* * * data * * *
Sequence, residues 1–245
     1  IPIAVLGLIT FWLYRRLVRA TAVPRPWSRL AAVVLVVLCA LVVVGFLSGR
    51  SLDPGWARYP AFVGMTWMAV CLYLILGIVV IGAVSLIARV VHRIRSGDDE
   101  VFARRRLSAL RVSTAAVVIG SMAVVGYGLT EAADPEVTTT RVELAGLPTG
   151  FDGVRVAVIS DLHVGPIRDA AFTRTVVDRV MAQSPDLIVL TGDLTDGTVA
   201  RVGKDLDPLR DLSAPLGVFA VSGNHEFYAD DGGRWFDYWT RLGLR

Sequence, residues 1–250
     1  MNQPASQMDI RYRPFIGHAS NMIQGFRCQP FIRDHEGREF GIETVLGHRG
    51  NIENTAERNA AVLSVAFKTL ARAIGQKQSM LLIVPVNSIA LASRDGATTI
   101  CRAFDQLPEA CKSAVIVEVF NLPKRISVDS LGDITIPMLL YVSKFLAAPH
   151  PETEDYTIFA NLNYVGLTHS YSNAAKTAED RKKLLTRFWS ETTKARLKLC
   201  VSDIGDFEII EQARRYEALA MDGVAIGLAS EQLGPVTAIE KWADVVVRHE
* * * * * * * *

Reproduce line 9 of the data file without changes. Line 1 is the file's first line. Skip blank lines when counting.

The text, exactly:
    51  NIENTAERNA AVLSVAFKTL ARAIGQKQSM LLIVPVNSIA LASRDGATTI